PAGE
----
Why America's debut LP isn't considered firmly and unbudgeably in the upper stratosphere of truly great rock LPs, I have no idea, but it's inarguably one of the great releases, 110% solid and then some. There followed quite a trove of later LP material after its publication as well. In a way, America was like Chicago: killer debut and long slow slide into artistic mediocrity. Then there's David Gates and Bread, which, well, too often tended to the weenie side a bit much for my taste, but still produced a number of really great cuts. Neither America nor Bread has been much covered, so Bobby Bare Jr.'s now repairing that deficiency, thank God, and doing a very very cool job of it.
Bare is the offspring of a guy who was well known in the 60s/70s/80s as a top-notch country performer and writer, Bobby Bare, and both father and son scored a Grammy nomination for Daddy What If when Jr. was only 8 years old. Since then, Bare Jr.'s been knocking around the industry in a roots rock vein. This EP shows what he's made of while serving up some great interpretations of absolute gems oft delivered a la Leonard Cohen or David Williams, had either hired Willie Nelson's backing band. The architecture for the songs is spare, spacious, and laconic but the renditions are gritty, spooky, and very enjoyable.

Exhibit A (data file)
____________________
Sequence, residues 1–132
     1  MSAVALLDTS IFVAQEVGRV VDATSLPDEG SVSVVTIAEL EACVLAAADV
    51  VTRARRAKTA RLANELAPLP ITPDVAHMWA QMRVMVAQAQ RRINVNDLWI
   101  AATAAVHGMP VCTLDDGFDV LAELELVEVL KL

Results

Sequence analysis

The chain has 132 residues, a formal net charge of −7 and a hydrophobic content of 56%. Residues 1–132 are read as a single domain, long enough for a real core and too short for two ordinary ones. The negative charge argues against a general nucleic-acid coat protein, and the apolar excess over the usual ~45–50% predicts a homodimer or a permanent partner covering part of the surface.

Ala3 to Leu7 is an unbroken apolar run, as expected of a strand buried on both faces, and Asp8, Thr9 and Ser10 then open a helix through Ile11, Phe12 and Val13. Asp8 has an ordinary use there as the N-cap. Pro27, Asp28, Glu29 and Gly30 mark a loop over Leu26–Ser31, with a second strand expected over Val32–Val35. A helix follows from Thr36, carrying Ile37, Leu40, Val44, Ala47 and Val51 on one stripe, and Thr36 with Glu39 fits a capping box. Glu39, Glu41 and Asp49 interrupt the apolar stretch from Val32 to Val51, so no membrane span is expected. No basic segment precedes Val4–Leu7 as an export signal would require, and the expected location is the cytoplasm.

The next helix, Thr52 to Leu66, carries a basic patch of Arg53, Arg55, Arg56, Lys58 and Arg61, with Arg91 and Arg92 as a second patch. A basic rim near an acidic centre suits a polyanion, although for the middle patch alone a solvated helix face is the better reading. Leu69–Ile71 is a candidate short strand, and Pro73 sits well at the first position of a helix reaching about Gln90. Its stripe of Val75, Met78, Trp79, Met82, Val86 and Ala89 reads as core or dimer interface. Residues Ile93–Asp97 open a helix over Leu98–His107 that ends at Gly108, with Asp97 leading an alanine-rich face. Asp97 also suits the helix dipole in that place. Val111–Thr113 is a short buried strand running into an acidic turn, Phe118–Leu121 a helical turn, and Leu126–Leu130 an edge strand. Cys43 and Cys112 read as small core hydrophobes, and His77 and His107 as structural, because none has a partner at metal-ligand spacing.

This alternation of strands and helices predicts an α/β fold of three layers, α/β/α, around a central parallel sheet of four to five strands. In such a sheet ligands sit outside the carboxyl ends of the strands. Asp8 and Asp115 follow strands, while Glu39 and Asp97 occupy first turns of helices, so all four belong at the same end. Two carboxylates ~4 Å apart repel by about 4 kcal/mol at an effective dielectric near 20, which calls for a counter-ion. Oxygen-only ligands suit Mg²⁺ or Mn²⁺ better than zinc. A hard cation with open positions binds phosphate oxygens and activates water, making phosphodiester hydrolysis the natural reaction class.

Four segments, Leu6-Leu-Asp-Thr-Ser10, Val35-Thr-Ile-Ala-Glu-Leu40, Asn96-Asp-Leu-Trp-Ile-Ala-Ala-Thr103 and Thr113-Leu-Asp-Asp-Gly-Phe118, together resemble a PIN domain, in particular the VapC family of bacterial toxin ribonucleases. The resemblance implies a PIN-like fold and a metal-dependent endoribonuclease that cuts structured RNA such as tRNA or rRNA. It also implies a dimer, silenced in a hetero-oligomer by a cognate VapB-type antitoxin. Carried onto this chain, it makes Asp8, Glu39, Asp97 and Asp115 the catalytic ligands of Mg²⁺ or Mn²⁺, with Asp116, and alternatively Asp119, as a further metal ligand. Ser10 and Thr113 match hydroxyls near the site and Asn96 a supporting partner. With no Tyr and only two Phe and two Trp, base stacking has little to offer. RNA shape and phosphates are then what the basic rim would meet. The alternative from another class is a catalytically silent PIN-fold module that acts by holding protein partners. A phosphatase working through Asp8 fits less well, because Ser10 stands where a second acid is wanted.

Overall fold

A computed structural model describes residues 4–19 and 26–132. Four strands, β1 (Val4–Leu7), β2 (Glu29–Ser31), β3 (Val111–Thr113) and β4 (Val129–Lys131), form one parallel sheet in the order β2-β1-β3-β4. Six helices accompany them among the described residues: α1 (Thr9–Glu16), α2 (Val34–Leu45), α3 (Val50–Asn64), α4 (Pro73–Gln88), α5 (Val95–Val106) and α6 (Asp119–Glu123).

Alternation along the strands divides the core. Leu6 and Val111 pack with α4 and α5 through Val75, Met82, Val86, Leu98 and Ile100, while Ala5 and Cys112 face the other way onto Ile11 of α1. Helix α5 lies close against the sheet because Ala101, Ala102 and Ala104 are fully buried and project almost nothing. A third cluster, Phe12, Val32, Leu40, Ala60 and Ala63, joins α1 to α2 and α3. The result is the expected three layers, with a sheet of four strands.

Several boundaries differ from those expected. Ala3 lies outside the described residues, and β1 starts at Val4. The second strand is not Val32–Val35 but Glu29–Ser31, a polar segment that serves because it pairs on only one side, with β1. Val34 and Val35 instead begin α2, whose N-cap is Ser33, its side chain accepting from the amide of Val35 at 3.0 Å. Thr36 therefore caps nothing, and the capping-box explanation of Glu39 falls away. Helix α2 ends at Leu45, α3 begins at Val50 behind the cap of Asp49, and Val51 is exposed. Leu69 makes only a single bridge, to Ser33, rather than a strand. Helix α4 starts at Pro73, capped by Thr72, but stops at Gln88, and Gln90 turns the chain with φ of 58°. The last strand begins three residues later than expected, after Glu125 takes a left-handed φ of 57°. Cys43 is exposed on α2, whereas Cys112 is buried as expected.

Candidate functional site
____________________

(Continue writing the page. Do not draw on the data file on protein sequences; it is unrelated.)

There's also there's an 'alpha' and 'beta' version of Sister Golden Hair and the beta version ironically kicks the shit out of the alpha in terms of pure brashness and thud. Both are excellent but the beta sounds as though it was ripped from Waddy Wachtel's old Ronin band, harsh and raucous. It ain't no cool fall breeze, but rather a balmy summer's afternoon, dark and gritty, sun-glazed, sweaty, and highly dusted with sod and wheat. Everything comes together to make a really worthwile EP…but…there seems to be no indication he'll follow it up with a full-blown release, and I wish to hell he would.
Edited by: David N. Pyles
Copyright 2009, Peterborough Folk Music Society.
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